JERUSALEM/LONDON (Reuters) -Britain’s interior minister Priti Patel on Friday said she had banned the Palestinian militant group Hamas in a move that brings the UK’s stance on Gaza’s rulers in line with the United States and the European Union.
“Hamas has significant terrorist capability, including access to extensive and sophisticated weaponry, as well as terrorist training facilities,” Patel said in a statement.
“That is why today I have acted to proscribe Hamas in its entirety.”
The organisation would be banned under the Terrorism Act and anyone expressing support for Hamas, flying its flag or arranging meetings for the organisation would be in breach of the law, the interior ministry confirmed. Patel is expected to present the change to parliament next week.
Hamas has political and military wings. Founded in 1987, it opposes the existence of Israel and peace talks, instead advocating “armed resistance” against Israel’s occupation of the Palestinian territories.
Until now Britain had banned only its military arm — the Izz al-Din al-Qassam Brigades.
Hamas political official Sami Abu Zuhri said Britain’s move showed “absolute bias toward the Israeli occupation and is a submission to Israeli blackmail and dictations”.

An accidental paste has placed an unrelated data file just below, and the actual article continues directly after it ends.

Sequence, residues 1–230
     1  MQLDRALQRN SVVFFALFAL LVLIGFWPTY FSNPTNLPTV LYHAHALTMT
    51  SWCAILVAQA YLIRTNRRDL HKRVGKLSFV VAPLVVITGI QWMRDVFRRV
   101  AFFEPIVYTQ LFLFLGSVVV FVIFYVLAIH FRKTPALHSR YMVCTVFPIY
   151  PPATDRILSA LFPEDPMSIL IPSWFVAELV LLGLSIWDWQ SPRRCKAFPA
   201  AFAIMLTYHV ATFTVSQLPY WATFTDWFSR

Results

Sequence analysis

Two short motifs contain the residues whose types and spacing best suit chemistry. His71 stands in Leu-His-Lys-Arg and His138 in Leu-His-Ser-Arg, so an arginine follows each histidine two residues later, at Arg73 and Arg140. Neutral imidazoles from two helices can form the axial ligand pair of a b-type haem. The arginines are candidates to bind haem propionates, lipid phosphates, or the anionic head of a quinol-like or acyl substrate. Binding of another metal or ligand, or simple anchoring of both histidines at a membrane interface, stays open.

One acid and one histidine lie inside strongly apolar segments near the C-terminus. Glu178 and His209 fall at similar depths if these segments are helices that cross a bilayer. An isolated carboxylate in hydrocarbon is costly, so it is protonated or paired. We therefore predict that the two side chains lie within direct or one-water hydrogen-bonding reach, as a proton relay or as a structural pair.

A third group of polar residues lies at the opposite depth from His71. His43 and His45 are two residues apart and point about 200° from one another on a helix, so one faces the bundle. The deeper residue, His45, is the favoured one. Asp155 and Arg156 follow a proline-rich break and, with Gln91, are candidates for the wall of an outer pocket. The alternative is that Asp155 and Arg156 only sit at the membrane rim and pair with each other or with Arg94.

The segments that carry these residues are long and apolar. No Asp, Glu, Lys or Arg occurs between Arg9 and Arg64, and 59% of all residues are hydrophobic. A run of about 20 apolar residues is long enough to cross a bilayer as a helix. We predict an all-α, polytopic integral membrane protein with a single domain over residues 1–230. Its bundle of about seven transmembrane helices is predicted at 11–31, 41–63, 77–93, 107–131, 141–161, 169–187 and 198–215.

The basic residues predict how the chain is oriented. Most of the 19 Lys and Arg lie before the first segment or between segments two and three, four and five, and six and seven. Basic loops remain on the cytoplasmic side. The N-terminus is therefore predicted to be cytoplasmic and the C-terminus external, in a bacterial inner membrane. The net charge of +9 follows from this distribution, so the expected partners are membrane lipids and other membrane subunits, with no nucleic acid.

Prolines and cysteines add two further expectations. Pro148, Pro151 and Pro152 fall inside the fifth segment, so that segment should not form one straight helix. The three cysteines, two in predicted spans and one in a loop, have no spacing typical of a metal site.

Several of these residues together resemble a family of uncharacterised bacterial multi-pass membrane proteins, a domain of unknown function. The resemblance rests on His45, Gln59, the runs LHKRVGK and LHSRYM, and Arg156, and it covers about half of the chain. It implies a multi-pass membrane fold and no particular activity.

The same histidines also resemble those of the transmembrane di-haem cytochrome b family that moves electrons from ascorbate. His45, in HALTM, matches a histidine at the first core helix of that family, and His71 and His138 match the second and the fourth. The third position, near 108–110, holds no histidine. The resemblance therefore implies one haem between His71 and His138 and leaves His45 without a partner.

“Resisting occupation by all available means, including armed resistance, is a right granted to people under occupation as stated by the international law,” said Hamas in a separate statement.
The Palestinian Mission to the United Kingdom, which represents President Mahmoud Abbas’s Western-backed Palestinian Authority, also condemned the move.
Israeli Prime Minister Naftali Bennett welcomed the decision, saying on Twitter: “Hamas is a terrorist organization, simply put. The ‘political arm’ enables its military activity.”
Hamas and Israel clashed most recently in a deadly 11-day conflict in May. During the second Palestinian uprising two decades ago, Hamas suicide bombers killed hundreds of Israelis, a campaign publicly backed by its political wing.
In 2017 Patel was forced to resign as Britain’s international development secretary after she failed to disclose meetings with senior Israeli officials during a private holiday to the country, including then-opposition leader Yair Lapid.
Lapid, now Israel’s foreign minister, hailed the decision on Hamas as “part of strengthening ties with Britain”.
Hamas is on the U.S. list of designated foreign terrorist organisations. The European Union also deems it a terrorist movement.
Based in Gaza, Hamas won the 2006 Palestinian parliamentary election, defeating its nationalist rival Fatah. It seized military control of Gaza the following year.
(Reporting by Stephen Farrell in Jerusalem and Aistair Smout in London; Additional reporting by Nidal al-Mughrabi in Gaza; Editing by Toby Chopra)